Magazine article The Spectator

Why We Won't Sign

Magazine article The Spectator

Why We Won't Sign

Article excerpt

Anyone picking up a newspaper in recent days will have noticed that the press has been writing a lot about itself. Lord Justice Leveson's inquiry into press practices and ethics has created anxiety at a time when newspapers were already haemorrhaging sales and influence.

David Cameron's government's response to the report is nervously awaited, and a group of 42 Tory MPs is urging him to seize a 'oncein-a-generation' chance to regulate the press.

They threaten to rebel if he doesn't. The Prime Minister will be vilified whatever he decides to do.

As the oldest continuously published weekly in the English language, The Spectator has seen this all before. The technology changes, but the principles do not. We lambasted the Sunday Times in 1829 for putting the free press at risk with sloppy libels. We are also familiar with the Nick Clegg trick:

to declare commitment to a fierce and independent press, while trying to undermine it.

In 1833 we criticised the vainglorious Lord Brougham, then Lord Chancellor, for seeking to 'rivet fetters upon the press which he has so often eloquently eulogised as the main bulwark of our liberties'.

What is new in 2012 is that so many parliamentarians seem unaware of the principle at stake. In their letter demanding regulation, the 42 Tories express bafflement at the 'obsessive argument' against statutory regulation. But there is a reason why leaders from Thomas Jefferson onwards have 'obsessed' about press freedom: it is, as Churchill put it, 'the unsleeping guardian of every other right that free men prize'.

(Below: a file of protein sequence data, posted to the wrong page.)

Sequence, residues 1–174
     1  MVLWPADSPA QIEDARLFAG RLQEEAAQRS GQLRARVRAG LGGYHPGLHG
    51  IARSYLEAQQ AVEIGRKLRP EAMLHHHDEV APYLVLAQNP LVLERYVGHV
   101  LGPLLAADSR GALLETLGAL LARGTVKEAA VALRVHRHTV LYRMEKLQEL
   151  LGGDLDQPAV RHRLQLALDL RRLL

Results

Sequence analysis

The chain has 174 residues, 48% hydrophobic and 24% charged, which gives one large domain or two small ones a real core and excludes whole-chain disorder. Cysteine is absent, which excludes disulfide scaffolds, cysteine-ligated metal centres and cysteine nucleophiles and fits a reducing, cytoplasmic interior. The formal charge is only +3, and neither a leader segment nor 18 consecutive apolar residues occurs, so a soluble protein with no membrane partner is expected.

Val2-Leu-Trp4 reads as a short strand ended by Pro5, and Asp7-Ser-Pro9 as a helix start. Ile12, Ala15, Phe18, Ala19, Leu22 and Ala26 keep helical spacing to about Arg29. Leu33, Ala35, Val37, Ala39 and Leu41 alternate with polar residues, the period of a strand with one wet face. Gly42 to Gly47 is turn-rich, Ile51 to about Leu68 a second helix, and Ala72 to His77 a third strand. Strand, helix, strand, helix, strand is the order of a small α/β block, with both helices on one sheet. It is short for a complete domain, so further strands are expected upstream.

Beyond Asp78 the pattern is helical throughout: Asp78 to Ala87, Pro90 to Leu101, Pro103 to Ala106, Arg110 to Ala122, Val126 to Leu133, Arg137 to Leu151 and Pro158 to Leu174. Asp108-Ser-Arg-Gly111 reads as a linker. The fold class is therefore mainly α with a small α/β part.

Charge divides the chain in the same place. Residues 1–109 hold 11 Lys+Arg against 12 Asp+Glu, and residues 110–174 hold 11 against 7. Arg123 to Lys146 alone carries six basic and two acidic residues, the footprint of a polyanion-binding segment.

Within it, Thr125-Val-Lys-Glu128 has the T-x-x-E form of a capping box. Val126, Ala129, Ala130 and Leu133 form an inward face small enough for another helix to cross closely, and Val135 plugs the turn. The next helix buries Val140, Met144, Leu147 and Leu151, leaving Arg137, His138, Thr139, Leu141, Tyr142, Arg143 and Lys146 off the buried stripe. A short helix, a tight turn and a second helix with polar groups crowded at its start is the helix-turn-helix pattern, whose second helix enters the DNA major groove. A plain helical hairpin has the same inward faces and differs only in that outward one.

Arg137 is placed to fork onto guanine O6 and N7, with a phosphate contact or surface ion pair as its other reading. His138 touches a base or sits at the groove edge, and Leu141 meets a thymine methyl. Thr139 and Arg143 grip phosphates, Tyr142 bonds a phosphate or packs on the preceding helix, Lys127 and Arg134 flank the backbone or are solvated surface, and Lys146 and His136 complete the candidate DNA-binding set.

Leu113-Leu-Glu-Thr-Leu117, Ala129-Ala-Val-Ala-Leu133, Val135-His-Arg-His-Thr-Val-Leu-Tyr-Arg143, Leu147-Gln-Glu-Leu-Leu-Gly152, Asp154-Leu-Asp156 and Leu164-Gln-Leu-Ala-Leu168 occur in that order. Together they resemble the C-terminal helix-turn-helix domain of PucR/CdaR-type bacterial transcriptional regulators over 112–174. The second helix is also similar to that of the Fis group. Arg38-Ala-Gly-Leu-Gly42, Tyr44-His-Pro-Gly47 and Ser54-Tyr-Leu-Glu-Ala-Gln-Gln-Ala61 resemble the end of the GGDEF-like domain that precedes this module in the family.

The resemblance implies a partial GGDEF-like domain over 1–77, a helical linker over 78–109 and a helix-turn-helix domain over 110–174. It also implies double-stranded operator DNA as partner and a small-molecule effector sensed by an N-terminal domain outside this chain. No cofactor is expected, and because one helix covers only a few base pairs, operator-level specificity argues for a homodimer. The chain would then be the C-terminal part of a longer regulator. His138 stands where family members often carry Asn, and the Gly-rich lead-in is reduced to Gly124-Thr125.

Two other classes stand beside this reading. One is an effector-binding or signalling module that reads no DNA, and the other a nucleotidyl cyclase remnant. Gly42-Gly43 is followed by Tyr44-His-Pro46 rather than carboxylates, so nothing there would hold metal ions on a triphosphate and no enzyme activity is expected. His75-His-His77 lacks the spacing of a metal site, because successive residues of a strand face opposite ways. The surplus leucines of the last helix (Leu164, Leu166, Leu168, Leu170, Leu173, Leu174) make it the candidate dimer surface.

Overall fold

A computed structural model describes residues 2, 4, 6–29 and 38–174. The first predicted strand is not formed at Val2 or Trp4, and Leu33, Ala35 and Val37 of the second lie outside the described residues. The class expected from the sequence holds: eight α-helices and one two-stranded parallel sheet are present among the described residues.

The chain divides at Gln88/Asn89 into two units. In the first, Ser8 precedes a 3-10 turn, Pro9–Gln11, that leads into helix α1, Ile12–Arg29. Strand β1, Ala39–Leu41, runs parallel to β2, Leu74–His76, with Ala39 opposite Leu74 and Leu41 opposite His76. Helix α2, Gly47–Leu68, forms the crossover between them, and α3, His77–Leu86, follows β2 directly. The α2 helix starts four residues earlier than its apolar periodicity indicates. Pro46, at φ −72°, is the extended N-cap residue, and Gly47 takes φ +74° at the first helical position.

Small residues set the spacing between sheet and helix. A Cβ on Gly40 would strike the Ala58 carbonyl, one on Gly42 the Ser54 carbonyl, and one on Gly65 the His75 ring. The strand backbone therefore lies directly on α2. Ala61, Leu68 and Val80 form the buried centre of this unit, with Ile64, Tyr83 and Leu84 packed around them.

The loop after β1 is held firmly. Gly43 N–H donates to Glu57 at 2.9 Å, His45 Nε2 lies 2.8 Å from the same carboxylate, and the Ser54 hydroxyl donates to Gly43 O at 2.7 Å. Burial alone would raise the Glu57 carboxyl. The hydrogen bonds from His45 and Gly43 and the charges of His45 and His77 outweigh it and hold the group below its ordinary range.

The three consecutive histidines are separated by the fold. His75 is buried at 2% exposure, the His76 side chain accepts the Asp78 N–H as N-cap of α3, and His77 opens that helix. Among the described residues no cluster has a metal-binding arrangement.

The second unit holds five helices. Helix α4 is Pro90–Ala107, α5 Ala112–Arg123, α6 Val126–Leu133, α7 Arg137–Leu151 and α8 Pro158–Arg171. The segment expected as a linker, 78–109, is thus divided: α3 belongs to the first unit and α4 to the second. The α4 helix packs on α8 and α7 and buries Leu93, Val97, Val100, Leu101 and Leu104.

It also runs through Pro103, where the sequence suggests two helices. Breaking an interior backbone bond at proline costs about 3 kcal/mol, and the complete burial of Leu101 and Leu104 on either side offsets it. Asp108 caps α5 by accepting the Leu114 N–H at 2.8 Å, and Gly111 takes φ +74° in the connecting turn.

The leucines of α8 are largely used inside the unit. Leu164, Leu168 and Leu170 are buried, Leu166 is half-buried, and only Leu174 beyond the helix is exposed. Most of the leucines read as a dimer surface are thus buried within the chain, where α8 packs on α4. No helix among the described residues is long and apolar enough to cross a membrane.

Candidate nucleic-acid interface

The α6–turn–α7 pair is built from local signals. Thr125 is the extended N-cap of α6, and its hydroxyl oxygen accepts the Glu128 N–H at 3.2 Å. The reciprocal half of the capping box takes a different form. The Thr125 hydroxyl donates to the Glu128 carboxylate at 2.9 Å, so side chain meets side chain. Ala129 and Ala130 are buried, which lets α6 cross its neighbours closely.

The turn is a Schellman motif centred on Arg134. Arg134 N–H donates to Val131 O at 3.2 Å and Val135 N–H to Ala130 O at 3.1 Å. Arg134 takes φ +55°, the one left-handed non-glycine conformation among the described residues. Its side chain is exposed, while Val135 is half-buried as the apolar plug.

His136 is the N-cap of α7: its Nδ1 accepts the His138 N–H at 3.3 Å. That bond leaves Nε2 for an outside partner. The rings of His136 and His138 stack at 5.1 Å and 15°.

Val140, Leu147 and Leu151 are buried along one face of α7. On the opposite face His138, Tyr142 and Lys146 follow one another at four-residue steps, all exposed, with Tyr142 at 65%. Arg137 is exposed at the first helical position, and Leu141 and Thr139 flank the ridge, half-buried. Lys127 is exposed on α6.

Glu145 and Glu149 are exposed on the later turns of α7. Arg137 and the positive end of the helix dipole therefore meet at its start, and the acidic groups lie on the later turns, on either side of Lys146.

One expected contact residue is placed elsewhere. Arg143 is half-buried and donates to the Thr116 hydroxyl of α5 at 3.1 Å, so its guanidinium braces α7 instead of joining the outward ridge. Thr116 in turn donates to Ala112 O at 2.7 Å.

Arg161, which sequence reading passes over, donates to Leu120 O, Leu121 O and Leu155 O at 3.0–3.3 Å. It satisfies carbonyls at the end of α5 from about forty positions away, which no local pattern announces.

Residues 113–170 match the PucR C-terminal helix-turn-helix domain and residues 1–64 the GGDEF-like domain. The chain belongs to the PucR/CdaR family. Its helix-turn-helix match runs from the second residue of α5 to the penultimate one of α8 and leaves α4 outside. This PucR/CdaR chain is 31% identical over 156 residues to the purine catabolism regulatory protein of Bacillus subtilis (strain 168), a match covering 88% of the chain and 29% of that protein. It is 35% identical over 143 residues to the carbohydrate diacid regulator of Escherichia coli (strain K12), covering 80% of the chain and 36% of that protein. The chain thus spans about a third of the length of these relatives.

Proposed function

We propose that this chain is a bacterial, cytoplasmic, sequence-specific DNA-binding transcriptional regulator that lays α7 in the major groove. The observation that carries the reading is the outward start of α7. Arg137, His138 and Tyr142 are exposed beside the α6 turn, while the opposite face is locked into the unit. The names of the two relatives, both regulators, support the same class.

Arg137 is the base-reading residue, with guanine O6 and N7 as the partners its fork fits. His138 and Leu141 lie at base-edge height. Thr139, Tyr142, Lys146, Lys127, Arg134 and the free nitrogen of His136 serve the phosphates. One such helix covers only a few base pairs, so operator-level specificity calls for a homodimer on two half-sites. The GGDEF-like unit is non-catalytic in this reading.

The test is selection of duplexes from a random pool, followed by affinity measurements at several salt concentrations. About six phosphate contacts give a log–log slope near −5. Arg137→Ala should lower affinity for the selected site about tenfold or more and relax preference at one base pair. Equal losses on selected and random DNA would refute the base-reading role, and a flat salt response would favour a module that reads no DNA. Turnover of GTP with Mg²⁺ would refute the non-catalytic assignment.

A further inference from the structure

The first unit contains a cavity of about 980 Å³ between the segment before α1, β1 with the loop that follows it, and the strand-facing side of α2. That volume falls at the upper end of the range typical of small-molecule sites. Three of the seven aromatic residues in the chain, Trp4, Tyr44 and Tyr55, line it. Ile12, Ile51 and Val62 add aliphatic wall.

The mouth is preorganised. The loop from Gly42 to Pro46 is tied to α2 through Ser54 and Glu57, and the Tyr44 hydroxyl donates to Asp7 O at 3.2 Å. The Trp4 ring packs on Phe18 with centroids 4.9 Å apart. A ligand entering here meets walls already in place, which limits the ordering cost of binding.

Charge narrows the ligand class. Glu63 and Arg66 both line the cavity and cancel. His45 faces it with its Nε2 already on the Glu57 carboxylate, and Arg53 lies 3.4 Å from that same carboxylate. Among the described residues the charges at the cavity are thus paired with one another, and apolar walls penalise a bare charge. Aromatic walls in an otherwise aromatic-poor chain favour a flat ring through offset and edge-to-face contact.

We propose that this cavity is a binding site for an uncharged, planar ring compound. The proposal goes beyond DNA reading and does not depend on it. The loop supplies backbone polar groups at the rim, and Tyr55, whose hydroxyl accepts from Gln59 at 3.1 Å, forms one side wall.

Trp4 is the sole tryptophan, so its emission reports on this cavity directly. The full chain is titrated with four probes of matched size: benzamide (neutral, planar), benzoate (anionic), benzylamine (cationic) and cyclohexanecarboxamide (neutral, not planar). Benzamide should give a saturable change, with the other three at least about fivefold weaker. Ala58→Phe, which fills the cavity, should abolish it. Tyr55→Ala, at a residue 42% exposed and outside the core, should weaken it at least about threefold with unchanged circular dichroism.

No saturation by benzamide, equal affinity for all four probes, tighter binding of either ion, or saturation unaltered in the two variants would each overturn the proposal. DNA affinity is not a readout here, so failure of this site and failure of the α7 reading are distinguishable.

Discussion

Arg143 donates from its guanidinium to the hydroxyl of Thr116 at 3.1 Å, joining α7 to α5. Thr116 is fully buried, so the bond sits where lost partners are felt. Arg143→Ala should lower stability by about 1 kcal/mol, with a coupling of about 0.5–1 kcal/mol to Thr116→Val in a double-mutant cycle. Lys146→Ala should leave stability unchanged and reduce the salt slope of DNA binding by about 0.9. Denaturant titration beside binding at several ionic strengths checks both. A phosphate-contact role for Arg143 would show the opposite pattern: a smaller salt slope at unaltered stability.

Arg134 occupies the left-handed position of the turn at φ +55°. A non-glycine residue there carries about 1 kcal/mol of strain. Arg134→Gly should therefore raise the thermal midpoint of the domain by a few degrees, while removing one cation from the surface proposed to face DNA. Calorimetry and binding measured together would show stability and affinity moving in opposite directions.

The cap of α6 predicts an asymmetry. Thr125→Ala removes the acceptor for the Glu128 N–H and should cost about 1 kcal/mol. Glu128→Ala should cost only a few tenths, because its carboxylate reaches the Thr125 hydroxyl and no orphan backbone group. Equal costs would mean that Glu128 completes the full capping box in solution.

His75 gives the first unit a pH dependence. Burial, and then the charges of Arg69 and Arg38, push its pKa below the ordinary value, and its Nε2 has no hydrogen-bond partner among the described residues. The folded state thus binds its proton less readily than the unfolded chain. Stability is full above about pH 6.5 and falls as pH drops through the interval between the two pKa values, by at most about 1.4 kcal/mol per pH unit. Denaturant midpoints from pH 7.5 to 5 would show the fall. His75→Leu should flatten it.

No right-thinking person can fail to be appalled at the hacking scandal. The Leveson inquiry has given us a shocking glimpse into a 21st-century crime. The boom in mobile phones and email accounts has led to a massive black market in illegal information.

Hacking is a global criminal industry, for which newspapers are just one client. Exhackers explain how stolen secrets can be sold to anyone from cuckolded husbands to insurance company investigators.

But tackling this crime is a matter for the police, not for a press regulator. Laws have been tightened to prevent journalists buying from hackers, and the punishment upgraded from a fine to a jail sentence. But there is no logical link between (already illegal) phone hacking and parliament giving itself the power to set the terms under which the press operates.

While England established the principle of press freedom, the United States did most to codify it under the constitution. And James Madison, the father of that constitution, still has the best answer for those who talk about abuse of freedom of the press. …

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